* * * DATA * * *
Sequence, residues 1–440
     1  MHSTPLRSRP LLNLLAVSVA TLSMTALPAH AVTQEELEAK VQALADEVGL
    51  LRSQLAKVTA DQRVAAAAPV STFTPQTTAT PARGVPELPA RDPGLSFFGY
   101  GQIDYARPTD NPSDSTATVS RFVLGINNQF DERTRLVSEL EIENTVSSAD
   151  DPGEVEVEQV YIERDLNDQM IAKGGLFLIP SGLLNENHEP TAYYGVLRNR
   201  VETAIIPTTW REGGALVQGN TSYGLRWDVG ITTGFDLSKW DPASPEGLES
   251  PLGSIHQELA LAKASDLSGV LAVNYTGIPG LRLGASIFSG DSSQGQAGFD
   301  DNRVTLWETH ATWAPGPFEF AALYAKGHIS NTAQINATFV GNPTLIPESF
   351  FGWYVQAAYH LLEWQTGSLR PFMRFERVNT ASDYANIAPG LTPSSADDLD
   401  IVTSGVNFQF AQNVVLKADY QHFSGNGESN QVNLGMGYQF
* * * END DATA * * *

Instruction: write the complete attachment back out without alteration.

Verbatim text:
Sequence, residues 1–440
     1  MHSTPLRSRP LLNLLAVSVA TLSMTALPAH AVTQEELEAK VQALADEVGL
    51  LRSQLAKVTA DQRVAAAAPV STFTPQTTAT PARGVPELPA RDPGLSFFGY
   101  GQIDYARPTD NPSDSTATVS RFVLGINNQF DERTRLVSEL EIENTVSSAD
   151  DPGEVEVEQV YIERDLNDQM IAKGGLFLIP SGLLNENHEP TAYYGVLRNR
   201  VETAIIPTTW REGGALVQGN TSYGLRWDVG ITTGFDLSKW DPASPEGLES
   251  PLGSIHQELA LAKASDLSGV LAVNYTGIPG LRLGASIFSG DSSQGQAGFD
   301  DNRVTLWETH ATWAPGPFEF AALYAKGHIS NTAQINATFV GNPTLIPESF
   351  FGWYVQAAYH LLEWQTGSLR PFMRFERVNT ASDYANIAPG LTPSSADDLD
   401  IVTSGVNFQF AQNVVLKADY QHFSGNGESN QVNLGMGYQF